Found on the border between Oita and Kumamoto, Nabegataki Falls is one of the most impressive waterfalls on the island of Kyushu in Japan. With hundreds of waterfalls on Kyushu, what makes this one so special? You can actually walk behind the wide cascade, underneath the rock face that the waterfalls pours down over. It’s a pretty magical spot.
HOW TO GET TO NABEGATAKI FALLS
Nabegataki Falls borders both Kumamoto and Oita regions. That means you might be visiting while you are based in Kumamoto or a town in Oita such as Beppu or Yufu. It’s not out of the question either to be visiting from Fukuoka. It really does sit in the middle of all three major towns. It’s actually quite accessible and one of the more touristy waterfalls on Kyushu Island. There is a road that leads the whole way and then a massive parking lot. There was a small fee, which gave you access to the whole geopark including lots of other attractions in the area but don’t worry it was only a $3 USD. From the parking lot, there is a boardwalk and stairs that lead you down to the waterfall taking just five minutes. It’s not a big adventure and you could wear any attire and shoes and be just fine.
MY EXPERIENCE AT NABEGATAKI FALLS
Nabegataki Falls is one of the more popular waterfalls on Kyushu Island so you should expect it to be a lot more built-up than most of the other natural spots in Kyushu. I didn’t expect it to be quite so touristy though with over fifty people there even on a weekday at 11 am (and I visited during the Coronavirus scare so travel was down a lot). I imagine this spot is very, very busy on weekends and during peak travel season so keep that in mind.
After paying the small fee of a few dollars for the entrance ticket, we headed down the boardwalk and stairs for just five minutes before reaching the waterfall area. I did my best to shoot the waterfall without any tourists but it is quite difficult as most people do a little lap underneath the waterfall viewing it from in front, each side and behind. It’s a bit of experience and going behind the waterfall was super cool.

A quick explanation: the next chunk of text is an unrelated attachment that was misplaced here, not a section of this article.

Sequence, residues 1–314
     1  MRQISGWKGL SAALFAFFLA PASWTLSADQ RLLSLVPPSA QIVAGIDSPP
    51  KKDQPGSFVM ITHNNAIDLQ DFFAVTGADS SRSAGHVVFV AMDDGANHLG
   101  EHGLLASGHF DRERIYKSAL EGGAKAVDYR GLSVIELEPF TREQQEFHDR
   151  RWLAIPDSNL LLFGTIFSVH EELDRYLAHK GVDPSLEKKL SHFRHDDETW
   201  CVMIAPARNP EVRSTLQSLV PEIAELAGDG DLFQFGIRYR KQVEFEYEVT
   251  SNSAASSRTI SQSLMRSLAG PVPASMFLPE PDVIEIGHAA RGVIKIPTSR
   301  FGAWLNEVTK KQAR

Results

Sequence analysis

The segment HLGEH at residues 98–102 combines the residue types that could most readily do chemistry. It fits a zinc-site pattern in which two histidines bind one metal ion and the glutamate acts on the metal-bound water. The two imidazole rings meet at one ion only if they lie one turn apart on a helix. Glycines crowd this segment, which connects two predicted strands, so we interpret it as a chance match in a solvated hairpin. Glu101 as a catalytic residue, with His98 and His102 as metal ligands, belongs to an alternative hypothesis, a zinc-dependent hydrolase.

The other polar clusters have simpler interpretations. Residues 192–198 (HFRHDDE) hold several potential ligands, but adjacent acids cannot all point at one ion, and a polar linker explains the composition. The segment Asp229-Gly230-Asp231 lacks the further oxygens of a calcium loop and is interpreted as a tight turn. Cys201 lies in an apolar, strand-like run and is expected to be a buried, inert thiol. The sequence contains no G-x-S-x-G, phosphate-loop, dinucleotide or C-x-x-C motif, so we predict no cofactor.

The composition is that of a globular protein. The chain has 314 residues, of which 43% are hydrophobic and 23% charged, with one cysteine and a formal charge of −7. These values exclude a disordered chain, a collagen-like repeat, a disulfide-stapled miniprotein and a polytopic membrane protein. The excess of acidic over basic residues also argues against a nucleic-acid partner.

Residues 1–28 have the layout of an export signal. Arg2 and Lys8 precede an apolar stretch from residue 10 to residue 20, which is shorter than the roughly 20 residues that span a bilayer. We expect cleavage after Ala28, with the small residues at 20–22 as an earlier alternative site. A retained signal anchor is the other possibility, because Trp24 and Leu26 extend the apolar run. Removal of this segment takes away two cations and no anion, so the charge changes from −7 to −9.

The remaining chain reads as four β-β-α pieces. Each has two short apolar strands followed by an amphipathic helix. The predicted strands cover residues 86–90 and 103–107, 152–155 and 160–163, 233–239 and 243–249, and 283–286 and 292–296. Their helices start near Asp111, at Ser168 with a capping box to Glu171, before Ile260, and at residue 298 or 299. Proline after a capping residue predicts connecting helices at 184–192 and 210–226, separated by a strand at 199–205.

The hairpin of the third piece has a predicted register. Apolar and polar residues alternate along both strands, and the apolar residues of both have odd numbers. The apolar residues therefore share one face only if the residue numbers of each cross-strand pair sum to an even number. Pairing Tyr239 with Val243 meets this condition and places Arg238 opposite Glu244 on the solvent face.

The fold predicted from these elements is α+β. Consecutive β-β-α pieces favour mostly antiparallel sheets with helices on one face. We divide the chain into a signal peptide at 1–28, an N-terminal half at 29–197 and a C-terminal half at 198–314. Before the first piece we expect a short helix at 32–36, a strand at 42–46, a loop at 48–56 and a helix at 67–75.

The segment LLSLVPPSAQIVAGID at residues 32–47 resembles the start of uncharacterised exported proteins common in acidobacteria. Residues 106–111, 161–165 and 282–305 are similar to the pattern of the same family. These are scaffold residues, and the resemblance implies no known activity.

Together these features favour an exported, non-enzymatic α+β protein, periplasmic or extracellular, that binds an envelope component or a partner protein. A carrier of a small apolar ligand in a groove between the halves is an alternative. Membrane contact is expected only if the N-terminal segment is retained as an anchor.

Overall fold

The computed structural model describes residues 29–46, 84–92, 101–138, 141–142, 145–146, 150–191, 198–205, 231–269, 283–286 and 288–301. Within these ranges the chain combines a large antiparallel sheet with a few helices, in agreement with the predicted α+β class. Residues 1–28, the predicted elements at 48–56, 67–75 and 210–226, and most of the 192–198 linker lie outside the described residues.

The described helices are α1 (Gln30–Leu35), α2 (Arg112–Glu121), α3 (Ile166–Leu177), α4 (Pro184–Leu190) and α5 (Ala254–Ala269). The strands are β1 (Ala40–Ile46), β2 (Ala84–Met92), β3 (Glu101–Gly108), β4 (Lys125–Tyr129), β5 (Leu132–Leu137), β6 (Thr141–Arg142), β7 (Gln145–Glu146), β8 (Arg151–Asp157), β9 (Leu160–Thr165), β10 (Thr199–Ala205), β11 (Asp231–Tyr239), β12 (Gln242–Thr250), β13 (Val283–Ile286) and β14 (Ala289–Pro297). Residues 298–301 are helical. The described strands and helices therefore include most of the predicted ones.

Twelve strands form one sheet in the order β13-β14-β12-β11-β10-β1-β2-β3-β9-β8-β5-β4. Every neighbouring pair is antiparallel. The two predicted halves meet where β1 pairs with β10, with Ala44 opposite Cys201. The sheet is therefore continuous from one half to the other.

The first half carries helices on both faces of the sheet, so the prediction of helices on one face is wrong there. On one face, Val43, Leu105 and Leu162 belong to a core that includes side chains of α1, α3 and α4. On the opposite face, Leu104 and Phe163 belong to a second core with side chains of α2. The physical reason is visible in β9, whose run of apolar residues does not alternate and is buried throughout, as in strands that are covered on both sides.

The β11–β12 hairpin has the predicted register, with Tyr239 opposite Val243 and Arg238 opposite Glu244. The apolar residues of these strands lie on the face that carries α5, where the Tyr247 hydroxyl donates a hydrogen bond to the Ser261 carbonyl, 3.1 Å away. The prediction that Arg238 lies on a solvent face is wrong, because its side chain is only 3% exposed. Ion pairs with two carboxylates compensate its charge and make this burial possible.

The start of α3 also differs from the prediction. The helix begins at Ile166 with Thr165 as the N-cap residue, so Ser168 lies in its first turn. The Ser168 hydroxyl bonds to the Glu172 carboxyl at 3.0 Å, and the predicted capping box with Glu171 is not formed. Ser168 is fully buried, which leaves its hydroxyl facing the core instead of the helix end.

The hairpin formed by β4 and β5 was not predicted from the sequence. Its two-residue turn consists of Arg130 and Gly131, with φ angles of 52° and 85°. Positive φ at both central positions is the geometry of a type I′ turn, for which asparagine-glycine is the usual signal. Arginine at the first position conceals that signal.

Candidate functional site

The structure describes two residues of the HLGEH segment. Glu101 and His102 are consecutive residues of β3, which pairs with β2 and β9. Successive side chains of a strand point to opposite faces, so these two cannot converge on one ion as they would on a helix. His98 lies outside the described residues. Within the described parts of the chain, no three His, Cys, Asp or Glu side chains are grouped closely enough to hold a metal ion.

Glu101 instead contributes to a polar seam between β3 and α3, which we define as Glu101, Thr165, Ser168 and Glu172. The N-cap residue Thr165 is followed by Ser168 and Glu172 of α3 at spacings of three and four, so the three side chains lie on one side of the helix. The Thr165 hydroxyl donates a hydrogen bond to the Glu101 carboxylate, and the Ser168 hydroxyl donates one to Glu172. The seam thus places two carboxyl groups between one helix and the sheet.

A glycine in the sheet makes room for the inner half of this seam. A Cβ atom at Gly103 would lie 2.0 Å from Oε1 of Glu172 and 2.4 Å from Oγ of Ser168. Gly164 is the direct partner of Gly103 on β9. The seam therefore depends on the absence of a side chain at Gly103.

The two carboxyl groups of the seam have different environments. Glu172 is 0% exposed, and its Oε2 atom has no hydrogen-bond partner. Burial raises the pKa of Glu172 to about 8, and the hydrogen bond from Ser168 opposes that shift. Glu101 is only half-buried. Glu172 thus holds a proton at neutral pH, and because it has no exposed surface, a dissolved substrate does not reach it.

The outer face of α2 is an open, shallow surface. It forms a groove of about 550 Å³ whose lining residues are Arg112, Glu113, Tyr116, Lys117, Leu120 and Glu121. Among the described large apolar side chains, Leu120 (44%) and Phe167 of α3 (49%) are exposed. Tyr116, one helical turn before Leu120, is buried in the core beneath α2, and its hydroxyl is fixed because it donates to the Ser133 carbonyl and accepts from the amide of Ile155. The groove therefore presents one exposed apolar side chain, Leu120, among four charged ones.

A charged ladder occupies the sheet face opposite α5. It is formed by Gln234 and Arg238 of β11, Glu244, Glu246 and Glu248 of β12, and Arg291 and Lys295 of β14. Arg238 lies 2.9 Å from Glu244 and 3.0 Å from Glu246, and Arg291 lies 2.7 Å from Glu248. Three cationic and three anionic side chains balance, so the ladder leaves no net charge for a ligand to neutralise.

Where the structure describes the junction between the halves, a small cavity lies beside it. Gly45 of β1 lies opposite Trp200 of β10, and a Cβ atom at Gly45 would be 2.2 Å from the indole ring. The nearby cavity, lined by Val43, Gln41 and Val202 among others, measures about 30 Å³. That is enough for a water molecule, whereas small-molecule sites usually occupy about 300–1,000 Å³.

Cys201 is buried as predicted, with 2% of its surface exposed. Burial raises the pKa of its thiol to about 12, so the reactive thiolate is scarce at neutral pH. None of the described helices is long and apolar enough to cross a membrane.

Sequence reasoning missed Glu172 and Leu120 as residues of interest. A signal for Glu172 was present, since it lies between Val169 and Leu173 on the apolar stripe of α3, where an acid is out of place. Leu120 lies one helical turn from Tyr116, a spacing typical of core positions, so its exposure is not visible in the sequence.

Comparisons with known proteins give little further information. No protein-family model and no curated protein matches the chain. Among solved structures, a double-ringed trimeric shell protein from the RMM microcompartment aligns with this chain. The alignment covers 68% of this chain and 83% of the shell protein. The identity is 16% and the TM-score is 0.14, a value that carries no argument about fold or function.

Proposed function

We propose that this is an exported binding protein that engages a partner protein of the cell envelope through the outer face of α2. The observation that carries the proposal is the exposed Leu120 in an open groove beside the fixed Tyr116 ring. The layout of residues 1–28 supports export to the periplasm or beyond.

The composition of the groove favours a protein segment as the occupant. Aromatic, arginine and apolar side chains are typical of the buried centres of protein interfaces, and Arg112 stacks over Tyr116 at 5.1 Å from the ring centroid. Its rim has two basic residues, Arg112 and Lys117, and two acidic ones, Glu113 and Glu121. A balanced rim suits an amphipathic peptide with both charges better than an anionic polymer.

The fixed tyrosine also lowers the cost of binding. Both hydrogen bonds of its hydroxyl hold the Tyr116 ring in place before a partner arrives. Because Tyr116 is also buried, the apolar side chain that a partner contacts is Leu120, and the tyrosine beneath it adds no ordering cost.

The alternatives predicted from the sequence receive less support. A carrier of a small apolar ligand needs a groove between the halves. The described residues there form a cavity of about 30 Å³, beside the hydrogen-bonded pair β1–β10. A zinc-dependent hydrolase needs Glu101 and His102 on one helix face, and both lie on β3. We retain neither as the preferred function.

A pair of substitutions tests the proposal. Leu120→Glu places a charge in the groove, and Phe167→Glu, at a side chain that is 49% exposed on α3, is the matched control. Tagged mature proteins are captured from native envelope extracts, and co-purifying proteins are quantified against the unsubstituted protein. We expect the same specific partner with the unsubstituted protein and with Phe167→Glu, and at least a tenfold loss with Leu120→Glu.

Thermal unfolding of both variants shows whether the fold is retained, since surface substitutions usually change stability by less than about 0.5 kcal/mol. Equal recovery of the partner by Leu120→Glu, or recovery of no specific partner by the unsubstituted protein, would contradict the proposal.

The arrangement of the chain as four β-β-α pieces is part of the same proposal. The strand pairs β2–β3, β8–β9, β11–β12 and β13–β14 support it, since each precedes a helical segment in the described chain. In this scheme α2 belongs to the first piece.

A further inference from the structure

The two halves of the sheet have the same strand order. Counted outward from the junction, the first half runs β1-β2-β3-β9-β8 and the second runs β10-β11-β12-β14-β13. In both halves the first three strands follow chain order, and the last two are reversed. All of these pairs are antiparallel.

The waterfall itself is only 10m high but spans 20m across in width and pours down over the ledge, which is what makes it so unique.
I’d recommend a tripod if you are into photography as this waterfall looks great with a little motion blur. I shot handheld but at 1/15 so my images aren’t super sharp but I like the motion blur. I visited at 11 am and the light was just shooting over the top so I do suggest mid-morning for this location if you are interested in having golden lighting.
It’s pretty close to Mount Aso or Kurokawa Onsen so it could be smart to combine those attractions with a visit to Nabegataki Waterfall to make the most of the transit from the town you are visiting from.
KYUSHU TRAVEL TIPS
WHICH REGION IS BEST FOR YOU?
Here’s a checklist for you to start:
- Fukuoka: If you want to be in a vibrant city scene and a central base, you may want to stay in Fukuoka.
- Kumamoto (my pick): If you’re looking to get away from the bustling city life and be centrally positioned for all hotspot tourist locations then visit and stay in Kumamoto.
- Beppu: If you want to check out a lot of hot springs, mud baths, and sand baths, Beppu in Oita prefecture is the best place for you.
- Kagoshima: If you are eager to go hiking in Kirishima and see Mt. Sakurajima, head to Kagoshima prefecture.
- Yakushima (Separate Island): If you want to hike through the stunning Shiratani Unsuikyo Valley, see ancient cedar trees, and waterfalls, Yakushima is the best place for you.
For a full article about how to split up your time between the popular regions in Kyushu, check out my guide about how to plan your Kyushu Itinerary: THE ULTIMATE KYUSHU ITINERARY: 5-DAY, 7-DAY & 10-DAY
WHERE TO STAY IN KYUSHU